Out of the Playground is a collection of five distinct and most challenging, commissioned compositions for Italian, Oslo-based experimental flutist Alessandra Rombolà, penned by Italian composer Daniela Terranova and by Norwegian composers Jan Martin Smørdal (two compositions), Ingar Zach (together with Rombolà) and Lasse Marhaug. These compositions reflect the album title, attempting to venture out of the playground of scenes and genres, as well as Rombolà’s free and explorative performances. Violinist and music critic Jennifer Gerston, who wrote the liner notes, adds that the playground symbolizes for many of us a sort of Eden, and now when we are thrown out of this paradise playground, rumor has it that a flutist knows the way back.
Smørdal’s «Répétitions II» and «Répétitions I» (both 2020) employ the addcoder—an audio device, developed by the composer and can simultaneously record, amplify, and playback—in two studies of iteration. These compositions are called by Smørdal «sonic sculptures» and both pieces force Rombolà to adapt her extended breathing techniques to the chaotic yet repetitive variations of the addcoder, highly percussive ones on «Répétitions II» but more ethereal and cyclical on «Répétitions I». She slowly and patiently sketch broader contours for these pieces. Rombolá and Zach’s «The Ring» was inspired by the composers’ interest in circular time. Rombolà performs the first half on the bass flute in dialogue with herself playing Zach’s percussive cells. Later, her ethereal piccolo flute playing is contrasted by Zach’s mysterious electronics, but then Rombolà achieves a fragile sense of balance with Zach’s ambiance and completes the cycle – the ring.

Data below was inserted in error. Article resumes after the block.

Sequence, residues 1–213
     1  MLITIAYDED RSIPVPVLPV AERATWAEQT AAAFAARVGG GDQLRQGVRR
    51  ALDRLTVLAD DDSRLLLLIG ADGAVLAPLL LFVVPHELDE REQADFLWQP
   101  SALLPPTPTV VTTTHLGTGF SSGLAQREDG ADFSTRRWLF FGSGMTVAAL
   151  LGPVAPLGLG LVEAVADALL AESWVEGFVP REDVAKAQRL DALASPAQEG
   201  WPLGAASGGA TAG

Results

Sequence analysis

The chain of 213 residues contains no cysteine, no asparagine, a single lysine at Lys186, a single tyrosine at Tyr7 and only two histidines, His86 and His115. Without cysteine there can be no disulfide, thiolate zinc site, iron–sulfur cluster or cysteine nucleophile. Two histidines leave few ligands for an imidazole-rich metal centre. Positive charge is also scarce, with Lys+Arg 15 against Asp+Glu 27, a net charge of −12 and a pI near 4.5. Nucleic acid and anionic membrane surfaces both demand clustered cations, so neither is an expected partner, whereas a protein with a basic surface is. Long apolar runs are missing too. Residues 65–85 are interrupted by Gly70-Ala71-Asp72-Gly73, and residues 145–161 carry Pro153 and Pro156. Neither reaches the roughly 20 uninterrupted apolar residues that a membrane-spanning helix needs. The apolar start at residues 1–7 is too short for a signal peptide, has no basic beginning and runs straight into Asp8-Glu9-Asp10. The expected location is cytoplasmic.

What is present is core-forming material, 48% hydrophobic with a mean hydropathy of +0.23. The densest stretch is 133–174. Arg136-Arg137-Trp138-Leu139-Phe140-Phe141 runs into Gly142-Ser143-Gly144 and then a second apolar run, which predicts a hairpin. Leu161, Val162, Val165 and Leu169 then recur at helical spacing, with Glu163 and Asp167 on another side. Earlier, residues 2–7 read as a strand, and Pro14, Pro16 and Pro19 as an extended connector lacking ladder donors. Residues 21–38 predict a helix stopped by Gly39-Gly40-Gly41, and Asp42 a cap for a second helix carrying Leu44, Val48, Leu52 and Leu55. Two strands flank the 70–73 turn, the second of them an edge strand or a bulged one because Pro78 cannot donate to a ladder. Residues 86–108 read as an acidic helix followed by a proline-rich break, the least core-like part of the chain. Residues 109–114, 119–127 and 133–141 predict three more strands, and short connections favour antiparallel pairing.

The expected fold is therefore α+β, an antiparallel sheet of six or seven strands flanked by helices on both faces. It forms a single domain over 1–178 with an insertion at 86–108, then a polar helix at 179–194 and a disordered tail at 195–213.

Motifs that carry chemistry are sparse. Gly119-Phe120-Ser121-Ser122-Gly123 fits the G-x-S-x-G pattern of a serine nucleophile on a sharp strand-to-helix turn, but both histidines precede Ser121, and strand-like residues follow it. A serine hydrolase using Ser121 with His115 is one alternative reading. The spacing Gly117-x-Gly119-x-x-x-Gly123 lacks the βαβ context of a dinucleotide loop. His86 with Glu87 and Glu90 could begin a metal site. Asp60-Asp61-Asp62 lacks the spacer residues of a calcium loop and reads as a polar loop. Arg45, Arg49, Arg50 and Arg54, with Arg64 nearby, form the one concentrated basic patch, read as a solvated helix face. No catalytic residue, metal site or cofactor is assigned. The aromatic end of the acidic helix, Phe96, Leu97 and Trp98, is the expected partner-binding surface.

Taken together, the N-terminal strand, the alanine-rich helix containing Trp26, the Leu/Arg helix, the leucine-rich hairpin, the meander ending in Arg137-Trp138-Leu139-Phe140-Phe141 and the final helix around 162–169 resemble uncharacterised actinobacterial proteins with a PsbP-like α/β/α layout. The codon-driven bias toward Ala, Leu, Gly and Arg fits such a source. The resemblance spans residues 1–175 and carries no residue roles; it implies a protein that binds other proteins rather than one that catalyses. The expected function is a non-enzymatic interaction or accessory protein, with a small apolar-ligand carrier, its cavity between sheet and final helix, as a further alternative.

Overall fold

Terranova’s only acoustic piece here, «Breathing Rust and Clouds» (2019), demands Rombolà to explore a subtle storm of percussive techniques while searching for timbral possibilities, resulting from her request that Terranova would draw upon her previous writing for strings. Marhaug’s 26-minute «Our Forbidden Land» (2022) is the most enigmatic and impressive one. It structures layered recordings of Rombolà’s playing in response to unsettling images and sounds, on top of which Rombolà produced fleeting melodic lines. Her flute playing here moves between the erratic, plainspoken, exotic and at times even noisy and otherworldly. This piece reflects «forbidden dreams» of living in other places, a craving for homes both known and unknown, and it completes perfectly Rombolà’s ambitious vision of venturing out of the playground of scenes and genres.
Alessandra Rombolà (fl)